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While consumers typically believe that anything they can buy in the store has been government tested for safety, that's not always the case. The Toxic Substances Control Act (TSCA) has been in effect and essentially unchanged since 1976. The TSCA as it stands today allows chemicals to be used in consumer products without being proven safe, and it is seen by many as an outdated and ineffective regulatory scheme. In March 2015, draft bi-partisan chemical safety legislation aimed at amending the TSCA to better protect the public passed a Senate vote, and earlier this month, a slightly tweaked draft cleared its House subcommittee. The draft legislation is referred to as the Udall-Vitter bill.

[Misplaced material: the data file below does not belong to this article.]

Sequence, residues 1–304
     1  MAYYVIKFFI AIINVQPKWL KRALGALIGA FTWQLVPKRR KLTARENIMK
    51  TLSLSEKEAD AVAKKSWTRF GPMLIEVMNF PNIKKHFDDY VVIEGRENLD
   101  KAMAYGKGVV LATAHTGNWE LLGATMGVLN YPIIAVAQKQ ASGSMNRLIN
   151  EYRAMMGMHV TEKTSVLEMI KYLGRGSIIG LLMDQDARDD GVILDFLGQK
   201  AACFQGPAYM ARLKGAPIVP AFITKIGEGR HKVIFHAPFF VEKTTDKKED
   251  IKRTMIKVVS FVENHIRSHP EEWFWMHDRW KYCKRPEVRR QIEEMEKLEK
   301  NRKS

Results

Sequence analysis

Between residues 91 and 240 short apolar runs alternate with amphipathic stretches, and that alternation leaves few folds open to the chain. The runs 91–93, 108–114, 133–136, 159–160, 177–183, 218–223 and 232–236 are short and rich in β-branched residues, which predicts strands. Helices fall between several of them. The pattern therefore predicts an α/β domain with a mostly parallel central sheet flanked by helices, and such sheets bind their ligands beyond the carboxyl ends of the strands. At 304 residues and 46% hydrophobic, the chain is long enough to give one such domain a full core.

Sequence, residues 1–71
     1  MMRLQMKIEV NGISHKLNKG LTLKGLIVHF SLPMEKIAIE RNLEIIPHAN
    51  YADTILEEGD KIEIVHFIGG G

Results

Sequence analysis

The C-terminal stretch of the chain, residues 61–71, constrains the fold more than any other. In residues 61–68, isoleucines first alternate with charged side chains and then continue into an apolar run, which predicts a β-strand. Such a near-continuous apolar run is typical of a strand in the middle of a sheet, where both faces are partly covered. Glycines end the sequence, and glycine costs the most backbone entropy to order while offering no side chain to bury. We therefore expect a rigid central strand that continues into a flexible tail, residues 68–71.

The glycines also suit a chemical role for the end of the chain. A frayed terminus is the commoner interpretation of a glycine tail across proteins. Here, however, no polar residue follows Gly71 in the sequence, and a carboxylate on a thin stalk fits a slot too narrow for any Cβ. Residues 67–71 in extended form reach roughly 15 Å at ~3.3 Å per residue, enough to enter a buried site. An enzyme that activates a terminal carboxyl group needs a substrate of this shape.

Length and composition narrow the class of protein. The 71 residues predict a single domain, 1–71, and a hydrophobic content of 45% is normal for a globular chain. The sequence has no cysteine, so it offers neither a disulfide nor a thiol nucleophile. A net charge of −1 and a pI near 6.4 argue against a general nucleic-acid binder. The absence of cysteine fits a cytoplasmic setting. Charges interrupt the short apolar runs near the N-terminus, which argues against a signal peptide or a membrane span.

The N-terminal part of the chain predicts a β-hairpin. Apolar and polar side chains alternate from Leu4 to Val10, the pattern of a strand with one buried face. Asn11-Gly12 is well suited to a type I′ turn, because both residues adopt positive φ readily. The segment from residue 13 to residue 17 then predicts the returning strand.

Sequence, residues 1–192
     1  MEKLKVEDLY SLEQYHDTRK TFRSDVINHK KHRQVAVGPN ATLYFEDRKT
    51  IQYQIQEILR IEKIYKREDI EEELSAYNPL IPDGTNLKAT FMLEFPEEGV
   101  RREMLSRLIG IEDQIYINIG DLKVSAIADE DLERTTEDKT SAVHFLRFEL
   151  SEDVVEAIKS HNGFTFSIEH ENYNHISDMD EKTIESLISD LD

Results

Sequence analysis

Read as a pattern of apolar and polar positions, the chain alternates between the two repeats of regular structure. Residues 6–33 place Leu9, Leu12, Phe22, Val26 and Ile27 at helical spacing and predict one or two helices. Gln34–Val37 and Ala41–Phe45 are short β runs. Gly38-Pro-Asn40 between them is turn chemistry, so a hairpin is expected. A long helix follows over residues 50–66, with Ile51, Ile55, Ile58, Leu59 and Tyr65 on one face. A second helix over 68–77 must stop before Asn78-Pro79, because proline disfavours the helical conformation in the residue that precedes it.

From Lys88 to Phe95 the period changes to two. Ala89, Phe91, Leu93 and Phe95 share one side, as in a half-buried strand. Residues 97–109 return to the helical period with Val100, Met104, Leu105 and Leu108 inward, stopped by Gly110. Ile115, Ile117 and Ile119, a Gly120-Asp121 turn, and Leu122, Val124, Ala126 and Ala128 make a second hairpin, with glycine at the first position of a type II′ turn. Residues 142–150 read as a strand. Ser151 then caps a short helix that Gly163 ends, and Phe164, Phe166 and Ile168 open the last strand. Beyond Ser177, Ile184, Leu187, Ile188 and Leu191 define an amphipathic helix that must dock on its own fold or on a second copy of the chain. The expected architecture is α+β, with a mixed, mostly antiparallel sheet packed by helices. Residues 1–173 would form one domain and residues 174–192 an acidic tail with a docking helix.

If passed into law, the reforms to the TSCA would:
- Require safety reviews for all chemicals in commerce (including on those "grandfathered" under the current federal law) depending solely on risk to human health and the environment;
- Require the EPA to review and approve the approximately 1,000 new chemicals that enter the market each year before they are manufactured;
- Require the EPA to take into consideration the latest science to determine impacts on human health and the environment;
- Require chemical companies to contribute to the cost of regulation;
- Eliminate current "least burdensome" requirement for regulating a chemical;
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